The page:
Translational Journal of the American College of Sports Medicine
American College of Sports Medicine
School of Medical and Health Sciences
Introduction/Purpose: The crossover point occurs during exercise when one transitions energy substrates from fat to carbohydrate predominance. The crossover point varies in an intensity-dependent manner; however, less is known about its specificity in sports with varying metabolic demands. The purpose of our study was to determine if various sports yield differences in the time to crossover and heart rate and percentage of maximal oxygen consumption (V O2max) at crossover during a standardized exercise protocol.
Methods: A total of 77 athletes (39 women, 38 men; 39.1 + 10.4 yr of age) were measured for respiratory exchange ratio during a modified Taylor V O2max treadmill test. Sports included running (n = 20), triathlon (n = 20), rowing (n = 20), and CrossFit (n = 17). A one-way ANOVA determined differences in time to crossover. A Kruskal–Wallis test was applied to determine differences between sport types for percent V O2max and heart rate at crossover. Bonferroni correction procedures were used to control the family-wise error rate and maintain alpha levels at P < 0.05.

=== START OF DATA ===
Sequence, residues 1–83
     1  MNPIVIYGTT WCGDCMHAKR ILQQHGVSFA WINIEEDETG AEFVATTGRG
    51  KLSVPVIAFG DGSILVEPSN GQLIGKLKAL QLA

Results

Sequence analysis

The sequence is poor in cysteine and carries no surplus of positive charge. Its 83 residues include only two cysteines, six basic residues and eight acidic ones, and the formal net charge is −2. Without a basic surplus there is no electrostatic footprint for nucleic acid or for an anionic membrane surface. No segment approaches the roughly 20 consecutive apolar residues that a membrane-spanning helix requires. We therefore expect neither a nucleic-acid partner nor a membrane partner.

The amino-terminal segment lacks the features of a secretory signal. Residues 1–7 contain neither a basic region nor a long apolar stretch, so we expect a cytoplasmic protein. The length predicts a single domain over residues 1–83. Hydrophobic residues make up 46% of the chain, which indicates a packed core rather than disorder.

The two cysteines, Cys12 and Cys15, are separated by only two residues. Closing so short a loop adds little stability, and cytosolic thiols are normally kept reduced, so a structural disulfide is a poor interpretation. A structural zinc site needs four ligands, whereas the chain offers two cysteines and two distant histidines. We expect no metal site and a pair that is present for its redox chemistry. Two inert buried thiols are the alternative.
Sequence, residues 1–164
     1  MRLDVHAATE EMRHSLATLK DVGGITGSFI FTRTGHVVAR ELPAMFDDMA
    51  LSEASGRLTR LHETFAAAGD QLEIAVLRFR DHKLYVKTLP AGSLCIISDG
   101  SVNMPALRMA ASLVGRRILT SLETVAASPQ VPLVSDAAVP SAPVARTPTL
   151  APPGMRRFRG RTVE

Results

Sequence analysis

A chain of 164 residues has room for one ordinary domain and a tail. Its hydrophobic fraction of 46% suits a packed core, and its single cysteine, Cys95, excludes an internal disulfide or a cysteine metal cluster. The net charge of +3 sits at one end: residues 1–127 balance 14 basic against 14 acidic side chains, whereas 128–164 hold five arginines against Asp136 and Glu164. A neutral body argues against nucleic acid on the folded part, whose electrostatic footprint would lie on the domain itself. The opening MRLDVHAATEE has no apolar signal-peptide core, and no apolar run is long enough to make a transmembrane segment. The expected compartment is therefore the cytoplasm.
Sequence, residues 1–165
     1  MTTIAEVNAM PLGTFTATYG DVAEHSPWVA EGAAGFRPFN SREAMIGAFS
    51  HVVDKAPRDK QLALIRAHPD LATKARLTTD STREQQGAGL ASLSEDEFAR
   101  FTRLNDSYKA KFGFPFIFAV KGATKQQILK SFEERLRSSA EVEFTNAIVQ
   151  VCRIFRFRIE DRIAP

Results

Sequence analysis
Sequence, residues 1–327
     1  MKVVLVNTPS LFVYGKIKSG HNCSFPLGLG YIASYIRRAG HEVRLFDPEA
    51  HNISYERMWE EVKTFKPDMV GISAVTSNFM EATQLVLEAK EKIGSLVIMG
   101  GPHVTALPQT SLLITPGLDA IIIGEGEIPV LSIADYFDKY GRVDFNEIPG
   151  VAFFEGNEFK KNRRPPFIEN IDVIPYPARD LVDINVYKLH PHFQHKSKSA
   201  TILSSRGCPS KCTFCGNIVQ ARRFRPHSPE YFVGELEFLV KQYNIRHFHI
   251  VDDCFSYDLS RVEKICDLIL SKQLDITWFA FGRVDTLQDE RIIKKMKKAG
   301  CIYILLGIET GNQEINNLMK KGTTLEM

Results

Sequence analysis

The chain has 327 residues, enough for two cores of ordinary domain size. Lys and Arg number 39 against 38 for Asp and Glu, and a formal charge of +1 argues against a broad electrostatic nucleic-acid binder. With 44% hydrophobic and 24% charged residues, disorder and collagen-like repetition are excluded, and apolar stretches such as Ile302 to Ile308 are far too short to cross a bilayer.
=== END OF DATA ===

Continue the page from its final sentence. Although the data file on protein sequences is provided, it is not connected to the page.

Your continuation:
Results: Average time to crossover for all athletes was 3:43 + 1:12 min. Times to crossover for runners, triathletes, rowers, and CrossFit athletes were 4:16 + 0:58, 3:28 + 1:08, 4:00 + 1:23, and 3:01 + 0:58 min, respectively. Significant differences were observed between groups for time to crossover (P = 0.007) and percent V O2max at crossover (P = 0.01). Pairwise analyses revealed that runners had a significantly longer time to crossover compared with CrossFit athletes (P = 0.009). Triathletes’ percent V O2max at crossover was significantly lower than rowers (P = 0.04) and runners (P = 0.04).
Conclusions: We found significant differences in time to crossover between runners and CrossFit athletes, which suggests that substrate use may be dependent on sport type.
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